The Department of Justice (DOJ) filed a lawsuit against Facebook Thursday alleging the tech giant discriminated against U.S. workers.
The DOJ alleges Facebook refused to hire or recruit qualified U.S. workers for more than 2,600 open positions over a two-year period and instead gave preferential treatment to H-1B visa workers and other temporary visa holders in connection with the permanent labor certification (PERM) process.
“Our message to workers is clear: if companies deny employment opportunities by illegally preferring temporary visa holders, the Department of Justice will hold them accountable,” Assistant Attorney General Eric S. Dreiband of the Civil Rights Division said in a statement. “Our message to all employers – including those in the technology sector – is clear: you cannot illegally prefer to recruit, consider, or hire temporary visa holders over U.S. workers.”
The DOJ alleges that Facebook reserved open positions for temporary visa holders due to their immigration status and that the social media platform purposely avoided advertising their openings on career websites, required applicants to apply by physical mail only and refused to consider any U.S. workers for the positions.
“Facebook’s discriminatory recruitment and hiring practice is routine, ongoing, and widespread,” the complaint reads. “It discriminates against U.S. workers because of their immigration or citizenship status, and it harms them by limiting their ability to apply, to be considered, and to be hired for all PERM-related jobs at Facebook.”(RELATED: California Judge Strikes Down Trump Administration Rules That Would Limit Visas To Skilled Workers)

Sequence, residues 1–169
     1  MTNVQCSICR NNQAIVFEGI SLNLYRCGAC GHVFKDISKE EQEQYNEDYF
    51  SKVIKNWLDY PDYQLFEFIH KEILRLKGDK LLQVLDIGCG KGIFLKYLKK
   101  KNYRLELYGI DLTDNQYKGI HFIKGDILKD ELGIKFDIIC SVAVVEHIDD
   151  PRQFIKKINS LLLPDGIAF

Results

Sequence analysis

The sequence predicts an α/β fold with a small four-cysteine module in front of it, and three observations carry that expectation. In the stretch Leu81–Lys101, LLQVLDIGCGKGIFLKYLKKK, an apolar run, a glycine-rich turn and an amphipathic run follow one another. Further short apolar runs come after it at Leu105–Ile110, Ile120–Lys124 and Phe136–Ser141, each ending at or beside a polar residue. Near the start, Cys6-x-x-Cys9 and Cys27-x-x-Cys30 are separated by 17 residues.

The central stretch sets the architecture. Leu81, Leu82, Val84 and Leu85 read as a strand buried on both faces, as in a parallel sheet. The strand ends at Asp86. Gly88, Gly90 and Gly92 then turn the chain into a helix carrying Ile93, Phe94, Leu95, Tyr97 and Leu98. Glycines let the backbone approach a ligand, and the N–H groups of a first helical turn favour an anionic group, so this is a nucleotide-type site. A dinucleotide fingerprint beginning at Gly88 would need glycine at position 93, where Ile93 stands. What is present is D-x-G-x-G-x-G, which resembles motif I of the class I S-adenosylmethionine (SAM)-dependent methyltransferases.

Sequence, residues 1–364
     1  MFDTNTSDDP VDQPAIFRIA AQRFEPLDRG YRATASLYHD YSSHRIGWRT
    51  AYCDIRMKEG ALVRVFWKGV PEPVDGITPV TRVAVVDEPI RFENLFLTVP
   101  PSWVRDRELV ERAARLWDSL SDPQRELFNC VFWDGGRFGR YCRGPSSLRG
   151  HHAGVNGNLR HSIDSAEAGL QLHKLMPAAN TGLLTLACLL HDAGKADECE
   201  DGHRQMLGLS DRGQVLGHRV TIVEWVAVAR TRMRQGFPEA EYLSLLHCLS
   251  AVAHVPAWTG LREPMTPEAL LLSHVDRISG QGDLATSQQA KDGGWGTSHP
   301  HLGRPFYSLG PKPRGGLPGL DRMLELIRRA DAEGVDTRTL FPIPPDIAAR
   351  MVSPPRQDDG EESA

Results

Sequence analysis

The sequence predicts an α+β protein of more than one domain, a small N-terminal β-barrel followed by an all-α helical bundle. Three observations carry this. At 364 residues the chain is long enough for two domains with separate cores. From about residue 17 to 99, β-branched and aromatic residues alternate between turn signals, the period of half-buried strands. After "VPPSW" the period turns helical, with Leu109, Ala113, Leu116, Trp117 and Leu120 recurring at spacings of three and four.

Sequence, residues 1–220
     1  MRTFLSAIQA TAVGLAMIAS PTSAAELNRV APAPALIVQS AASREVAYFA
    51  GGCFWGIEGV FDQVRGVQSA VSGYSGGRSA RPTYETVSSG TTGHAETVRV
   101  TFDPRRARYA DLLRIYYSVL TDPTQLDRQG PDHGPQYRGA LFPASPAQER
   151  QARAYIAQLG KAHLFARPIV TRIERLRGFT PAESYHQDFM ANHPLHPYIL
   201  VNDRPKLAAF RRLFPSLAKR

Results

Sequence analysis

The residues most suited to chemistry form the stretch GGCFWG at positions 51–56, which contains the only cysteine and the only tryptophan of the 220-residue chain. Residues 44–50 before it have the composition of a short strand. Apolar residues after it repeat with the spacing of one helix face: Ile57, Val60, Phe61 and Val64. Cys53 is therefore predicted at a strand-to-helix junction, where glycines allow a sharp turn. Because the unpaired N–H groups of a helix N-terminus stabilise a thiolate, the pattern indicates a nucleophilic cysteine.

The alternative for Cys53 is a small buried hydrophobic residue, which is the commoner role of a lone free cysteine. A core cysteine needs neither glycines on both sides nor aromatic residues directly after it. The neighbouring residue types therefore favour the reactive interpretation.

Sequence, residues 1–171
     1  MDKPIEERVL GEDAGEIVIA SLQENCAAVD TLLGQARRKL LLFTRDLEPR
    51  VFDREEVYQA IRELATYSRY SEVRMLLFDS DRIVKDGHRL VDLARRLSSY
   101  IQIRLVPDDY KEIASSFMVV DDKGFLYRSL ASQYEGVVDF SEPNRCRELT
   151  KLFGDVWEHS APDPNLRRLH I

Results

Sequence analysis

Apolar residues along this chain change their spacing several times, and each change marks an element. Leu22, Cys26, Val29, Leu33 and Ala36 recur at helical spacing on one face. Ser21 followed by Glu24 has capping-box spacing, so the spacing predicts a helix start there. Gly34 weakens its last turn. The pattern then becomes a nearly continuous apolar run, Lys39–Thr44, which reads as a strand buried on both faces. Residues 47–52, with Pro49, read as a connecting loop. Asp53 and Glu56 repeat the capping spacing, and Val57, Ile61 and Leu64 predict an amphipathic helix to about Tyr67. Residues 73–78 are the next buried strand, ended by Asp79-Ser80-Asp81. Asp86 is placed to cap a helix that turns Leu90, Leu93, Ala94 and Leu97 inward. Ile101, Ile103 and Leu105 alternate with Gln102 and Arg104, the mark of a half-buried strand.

The department concluded that Facebook’s recruitment method acted as a disincentive for U.S. workers to apply to its PERM positions, claiming Facebook received zero or one U.S. application for 99.7% of their PERM positions. The DOJ says in comparison Facebook usually attracts 100 or more applications when they advertise their jobs.
The PERM process allows employers to offer permanent positions to temporary visa holders by submitting a petition to the Department of Homeland Security’s U.S. Citizenship and Immigration Services, which then gives the visa holder lawful permanent resident status. However, the process requires an employer to prove that there are no qualified and available U.S. workers for the position.
The DOJ began their investigation in 2018 after Facebook filed a PERM application for an Art Director position which required a bachelor’s degree and two years of experience. Facebook allegedly asserted they received no applications for the position from U.S. workers, according to the complaint.
The DOJ argues that over the course of nine months, Facebook advertised on its website at least 22 non-PERM-related Art Director positions that all had higher minimum qualifications than the PERM-related position they had opened during the same period of time and allowed for online applications. Facebook allegedly received 2,612 applications for the position but did not hire any U.S. worker who applied.
Facebook and other tech companies use employees with temporary visas to fill in gaps in their workforce as they claim there aren’t enough U.S. applicants with degrees in science and engineering, according to The Wall Street Journal.
Facebook denies the allegations, a Facebook spokesperson told the Daily Caller in a statement.
“Facebook has been cooperating with the DOJ in its review of this issue and while we dispute the allegations in this complaint, we cannot comment further on pending litigation.”